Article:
One of the most difficult parts of being a parent is having to be the first in the line of medical defense for your children. There’s no getting around the issue--kids are going to get hurt from time to time. You simply can’t drop everything and rush to a doctor’s office every time there’s any sort of minor cut or scrape that arises on your child. That’s why it’s important to be well versed in some basic first aid steps (and to keep a first aid kit somewhere easily accessible). Here are the steps for dealing with slight cuts, abrasions, or scrapes that your child may show up with:
Sanitize Yourself -- Always thoroughly wash your hands before treating an open wound.
Stop the Bleeding -- Apply steady pressure to the wound to stave off any continuous blood flow. If the wound “spurts” blood or resists clotting, contact a physician immediately.
Clean It Up -- Rinse out the affected area with clean, moving water to clear any grime away from the broken skin. For small breaks, harsher chemicals such as hydrogen peroxide can actually irritate the affected area and disrupt the healing process in a way that can cause scarring.
Cover Yourself -- Once the bleeding is stopped and the cut is clean, it’s time to bandage up. Make sure you have a strong enough bandage for the severity of the wound. For some nastier scratches or lacerations, you may wish to apply an antibiotic ointment or petroleum jelly in order to aid the healing process.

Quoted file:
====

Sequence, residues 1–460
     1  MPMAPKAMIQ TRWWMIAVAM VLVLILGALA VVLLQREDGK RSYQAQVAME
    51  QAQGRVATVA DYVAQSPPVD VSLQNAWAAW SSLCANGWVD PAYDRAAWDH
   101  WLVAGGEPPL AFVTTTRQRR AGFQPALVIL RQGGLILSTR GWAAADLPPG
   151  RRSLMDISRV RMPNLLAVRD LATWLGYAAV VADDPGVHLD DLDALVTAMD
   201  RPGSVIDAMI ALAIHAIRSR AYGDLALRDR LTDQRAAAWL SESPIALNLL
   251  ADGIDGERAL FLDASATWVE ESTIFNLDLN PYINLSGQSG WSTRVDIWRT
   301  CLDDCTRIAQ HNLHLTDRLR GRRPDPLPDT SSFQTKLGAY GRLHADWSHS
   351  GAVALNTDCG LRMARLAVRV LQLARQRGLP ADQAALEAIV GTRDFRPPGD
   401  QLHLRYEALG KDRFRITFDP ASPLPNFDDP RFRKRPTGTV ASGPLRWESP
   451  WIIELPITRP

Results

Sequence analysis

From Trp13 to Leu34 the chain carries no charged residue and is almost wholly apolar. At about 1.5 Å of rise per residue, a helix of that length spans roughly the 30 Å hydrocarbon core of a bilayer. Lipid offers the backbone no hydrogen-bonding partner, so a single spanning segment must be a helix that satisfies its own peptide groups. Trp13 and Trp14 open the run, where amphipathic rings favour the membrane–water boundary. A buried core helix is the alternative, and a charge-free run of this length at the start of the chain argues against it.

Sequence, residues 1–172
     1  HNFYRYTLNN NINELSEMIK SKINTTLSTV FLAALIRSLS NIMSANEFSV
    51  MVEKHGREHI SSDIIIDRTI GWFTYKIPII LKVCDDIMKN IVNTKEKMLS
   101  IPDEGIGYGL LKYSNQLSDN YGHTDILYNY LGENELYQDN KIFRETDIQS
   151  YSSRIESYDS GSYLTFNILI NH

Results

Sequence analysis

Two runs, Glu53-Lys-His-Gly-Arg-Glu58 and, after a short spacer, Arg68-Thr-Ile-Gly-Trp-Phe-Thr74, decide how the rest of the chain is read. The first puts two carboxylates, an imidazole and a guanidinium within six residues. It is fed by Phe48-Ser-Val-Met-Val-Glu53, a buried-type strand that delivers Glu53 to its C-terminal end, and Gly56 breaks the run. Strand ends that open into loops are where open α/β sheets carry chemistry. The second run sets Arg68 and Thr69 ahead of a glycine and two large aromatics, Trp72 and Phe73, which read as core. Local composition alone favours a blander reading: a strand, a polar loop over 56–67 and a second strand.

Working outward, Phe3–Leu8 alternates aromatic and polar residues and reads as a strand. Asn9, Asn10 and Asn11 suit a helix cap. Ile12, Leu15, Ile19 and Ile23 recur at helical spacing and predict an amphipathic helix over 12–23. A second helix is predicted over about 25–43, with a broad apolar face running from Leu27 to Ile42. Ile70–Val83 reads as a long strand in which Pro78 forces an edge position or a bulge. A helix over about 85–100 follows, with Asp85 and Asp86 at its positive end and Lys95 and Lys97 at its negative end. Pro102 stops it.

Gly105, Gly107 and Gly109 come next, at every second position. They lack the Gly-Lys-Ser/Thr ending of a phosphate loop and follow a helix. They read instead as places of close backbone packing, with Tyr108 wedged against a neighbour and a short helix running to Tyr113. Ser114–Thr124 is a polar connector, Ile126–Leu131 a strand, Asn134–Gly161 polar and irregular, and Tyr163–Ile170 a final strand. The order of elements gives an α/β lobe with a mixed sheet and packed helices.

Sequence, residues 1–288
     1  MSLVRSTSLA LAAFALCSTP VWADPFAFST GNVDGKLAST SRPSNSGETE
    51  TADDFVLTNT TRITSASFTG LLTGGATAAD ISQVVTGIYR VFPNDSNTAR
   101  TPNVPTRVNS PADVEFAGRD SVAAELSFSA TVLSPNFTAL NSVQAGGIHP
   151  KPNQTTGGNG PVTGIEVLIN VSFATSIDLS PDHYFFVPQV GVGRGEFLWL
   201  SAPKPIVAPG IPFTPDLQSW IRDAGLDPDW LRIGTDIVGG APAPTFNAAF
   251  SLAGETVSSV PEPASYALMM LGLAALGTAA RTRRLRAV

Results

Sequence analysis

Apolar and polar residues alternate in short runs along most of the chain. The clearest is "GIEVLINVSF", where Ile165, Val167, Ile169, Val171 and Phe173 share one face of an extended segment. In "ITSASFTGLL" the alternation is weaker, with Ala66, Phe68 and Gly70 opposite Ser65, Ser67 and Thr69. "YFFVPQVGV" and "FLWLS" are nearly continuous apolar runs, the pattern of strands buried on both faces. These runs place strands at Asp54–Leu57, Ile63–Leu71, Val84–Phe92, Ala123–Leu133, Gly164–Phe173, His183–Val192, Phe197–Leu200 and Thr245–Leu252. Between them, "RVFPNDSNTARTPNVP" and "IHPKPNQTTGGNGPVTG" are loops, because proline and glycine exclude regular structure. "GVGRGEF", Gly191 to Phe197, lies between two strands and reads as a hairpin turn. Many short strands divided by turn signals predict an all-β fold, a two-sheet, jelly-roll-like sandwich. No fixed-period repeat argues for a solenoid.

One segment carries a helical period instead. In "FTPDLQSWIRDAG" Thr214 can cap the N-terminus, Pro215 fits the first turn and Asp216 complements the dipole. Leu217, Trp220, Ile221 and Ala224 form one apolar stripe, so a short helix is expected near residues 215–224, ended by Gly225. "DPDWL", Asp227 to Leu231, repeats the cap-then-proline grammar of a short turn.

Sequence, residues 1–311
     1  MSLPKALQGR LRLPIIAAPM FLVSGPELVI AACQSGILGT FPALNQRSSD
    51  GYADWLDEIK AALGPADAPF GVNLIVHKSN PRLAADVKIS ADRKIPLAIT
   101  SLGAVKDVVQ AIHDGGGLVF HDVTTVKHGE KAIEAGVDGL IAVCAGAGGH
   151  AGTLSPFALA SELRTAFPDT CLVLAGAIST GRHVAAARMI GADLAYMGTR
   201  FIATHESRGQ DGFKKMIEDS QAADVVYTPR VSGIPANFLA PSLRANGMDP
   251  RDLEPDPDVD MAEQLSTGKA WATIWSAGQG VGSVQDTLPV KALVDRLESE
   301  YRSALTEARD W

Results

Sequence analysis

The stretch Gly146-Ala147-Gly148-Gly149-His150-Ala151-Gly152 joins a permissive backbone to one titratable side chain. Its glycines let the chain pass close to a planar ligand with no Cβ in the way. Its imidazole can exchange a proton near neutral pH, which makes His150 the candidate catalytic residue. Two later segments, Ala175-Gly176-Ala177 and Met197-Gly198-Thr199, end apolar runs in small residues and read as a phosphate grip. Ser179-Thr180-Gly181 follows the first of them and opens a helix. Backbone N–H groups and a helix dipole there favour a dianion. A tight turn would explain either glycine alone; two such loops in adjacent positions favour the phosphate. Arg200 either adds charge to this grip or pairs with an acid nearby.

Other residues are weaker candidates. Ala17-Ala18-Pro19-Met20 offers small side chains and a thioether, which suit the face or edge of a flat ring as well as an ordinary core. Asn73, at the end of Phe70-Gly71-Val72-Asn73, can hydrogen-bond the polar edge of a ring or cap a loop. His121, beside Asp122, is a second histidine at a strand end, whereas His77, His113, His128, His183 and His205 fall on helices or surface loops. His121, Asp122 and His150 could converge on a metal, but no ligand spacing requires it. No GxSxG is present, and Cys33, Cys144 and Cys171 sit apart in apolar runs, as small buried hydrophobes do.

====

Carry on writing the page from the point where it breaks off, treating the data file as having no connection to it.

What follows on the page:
Keep An Eye On It -- Watch the affected area closely. Pay attention for any swelling, redness, or soreness around the abrasion, as these may be a sign of infection. Change the bandage out regularly (usually about once every day), and keep the site cleaned. Most minor cuts and scrapes are going to turn into scab, which should be left alone (no matter how irritating they are) while they heal.
Know When To See the Doc -- If the wound is healing up improperly, seems to be infected, or is causing pain, contact a doctor about the situation. Some seemingly minor issues can actually be long-reaching problems. If you have any sort of facial laceration, or if the wound is too deep (over a quarter inch may be a concern) or was caused by something dirty or potentially seriously infectious (e.g., a rusty rake or an animal’s bite), contact a physician immediately.
As always, it will just come down to your best judgement as to whether you should treat your child’s wound yourself or rush them to a doctor’s office, but with these steps you can at least be ready to jump in for some of the smaller stuff. Remind your kids to be careful when they’re out having a good time--but let them know that you’ve got them covered if anything comes up.
The Children’s Clinic is a professional association of pediatricians that have been providing the people of Tennessee with quality care for decades. Our highly qualified staff offers compassionate, personalized care from birth through the teenage years. Our office is located at 264 Coatsland Drive in Jackson, TN. You can reach us by calling 731-423-1500 or via our website.